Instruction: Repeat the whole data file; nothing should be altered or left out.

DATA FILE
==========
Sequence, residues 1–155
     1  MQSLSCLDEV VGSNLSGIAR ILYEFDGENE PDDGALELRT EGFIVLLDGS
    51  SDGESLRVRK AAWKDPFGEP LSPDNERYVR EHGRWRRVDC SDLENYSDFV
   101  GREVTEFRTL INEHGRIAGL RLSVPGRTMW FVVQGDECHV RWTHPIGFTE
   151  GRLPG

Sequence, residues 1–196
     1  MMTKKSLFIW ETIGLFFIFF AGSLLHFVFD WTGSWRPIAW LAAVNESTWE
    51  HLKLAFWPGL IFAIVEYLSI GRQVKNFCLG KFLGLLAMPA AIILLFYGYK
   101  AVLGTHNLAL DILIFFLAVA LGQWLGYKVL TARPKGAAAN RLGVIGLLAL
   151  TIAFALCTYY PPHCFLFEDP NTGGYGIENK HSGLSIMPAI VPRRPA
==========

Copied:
Sequence, residues 1–155
     1  MQSLSCLDEV VGSNLSGIAR ILYEFDGENE PDDGALELRT EGFIVLLDGS
    51  SDGESLRVRK AAWKDPFGEP LSPDNERYVR EHGRWRRVDC SDLENYSDFV
   101  GREVTEFRTL INEHGRIAGL RLSVPGRTMW FVVQGDECHV RWTHPIGFTE
   151  GRLPG

Sequence, residues 1–196
     1  MMTKKSLFIW ETIGLFFIFF AGSLLHFVFD WTGSWRPIAW LAAVNESTWE
    51  HLKLAFWPGL IFAIVEYLSI GRQVKNFCLG KFLGLLAMPA AIILLFYGYK
   101  AVLGTHNLAL DILIFFLAVA LGQWLGYKVL TARPKGAAAN RLGVIGLLAL
   151  TIAFALCTYY PPHCFLFEDP NTGGYGIENK HSGLSIMPAI VPRRPA